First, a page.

- Programme Management
- In a nutshell
- Common questions
- What is a programme?
- How does a programme differ from a project?
- For which projects do I need a programme?
- Pros and cons of programmes
- Are there different types of programme?
- How do I justify a programme?
- The vision and the blueprint
- Do I need a programme office?
- How do I start running a programme?
- Who needs to be involved?
- The key role of benefits
- How do I manage benefits realisation?
- How do I manage scarce resources?
- Running programmes
- Ending programmes
- Want to know more?
How do I manage scarce resources?
One of the reasons given earlier for setting up a programme in the first place is to deal with the thorny issue of scarce technical or other resources. If only one person has the requisite knowledge in the organisation, they can become the sole factor for determining the success or otherwise of a programme of work. There is very rarely an organisation that has enough staff to do all the things they want to do in as short a timeframe as they would prefer. There will always be limitations on resources, even if the decision is taken to buy in additional resource to help.
The management of resources, notably those shared across two or more projects, is one of the key reasons for considering the programme management structure. It may be appropriate to use a resource manager or simply to get agreement between the various parties as to the use and allocation of resources to particular projects. It is critical in this case to ensure there is a clear prioritisation for the projects, allowing the more important or critical projects to get preferential treatment over the less important.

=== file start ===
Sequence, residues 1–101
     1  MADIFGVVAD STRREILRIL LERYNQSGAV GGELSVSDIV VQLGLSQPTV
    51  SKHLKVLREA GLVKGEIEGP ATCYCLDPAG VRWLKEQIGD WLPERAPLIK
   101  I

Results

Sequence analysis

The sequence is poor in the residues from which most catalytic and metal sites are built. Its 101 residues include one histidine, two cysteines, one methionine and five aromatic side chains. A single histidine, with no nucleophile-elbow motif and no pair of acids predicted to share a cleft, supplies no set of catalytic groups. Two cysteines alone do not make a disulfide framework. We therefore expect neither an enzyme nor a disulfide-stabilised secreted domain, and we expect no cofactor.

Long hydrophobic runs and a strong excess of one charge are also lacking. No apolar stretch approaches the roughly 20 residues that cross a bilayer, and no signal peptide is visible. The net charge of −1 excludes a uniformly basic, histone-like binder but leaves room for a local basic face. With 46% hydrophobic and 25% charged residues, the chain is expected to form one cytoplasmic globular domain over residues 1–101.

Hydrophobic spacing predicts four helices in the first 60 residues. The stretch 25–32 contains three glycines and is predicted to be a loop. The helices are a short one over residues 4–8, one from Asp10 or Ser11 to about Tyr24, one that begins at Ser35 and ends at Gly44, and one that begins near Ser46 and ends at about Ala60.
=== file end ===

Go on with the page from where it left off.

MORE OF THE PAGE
To prioritise the work, a number of different values need to be assessed. The first and probably most significant is that of the contribution towards the benefits of the programme. Those making the biggest contribution should be seen as more important than those with a lesser contribution to make. However, watch for those projects which perhaps contribute very little to the benefits picture, but without which many other projects would not be able to deliver effectively. An example might be an infrastructure project putting in the building to house other systems or workers. The building itself is not contributing to the benefits accrual in any real sense, but without it, the new systems that do deliver the benefits cannot function efficiently. The priority here must be for the building project over any other, despite the apparent lack of benefit contribution.
Other factors to be considered in the prioritisation will include (but not be limited to) risk, financial commitment and spend profile, complexity, timescale, key resource usage and dependencies on other pieces of work. This prioritisation must be done across all projects within a programme and, where necessary, across all programmes in the organisation.
It may also be necessary to compare this prioritisation against the business-as-usual activities that might impinge on the overall successful delivery of the programme. If the resources used for programmes and projects also have a ‘day job’ in business-as-usual, then the prioritisation of their work load needs to be clear. This may well result in some very tough decisions: perhaps to suspend support for a legacy system to allow a new system to be implemented more quickly. The spend profile may well be found to be the driving force – how much the organisation can afford to spend in any one period.
Once this survey of priorities has been achieved, the resources issue becomes much clearer and easier to manage. It is naturally not likely that it is simply a case of saying the resources go to the number one priority first, followed by number two and so on. There are likely to be many more aspects to be considered, but at least there is a starting point for the allocation.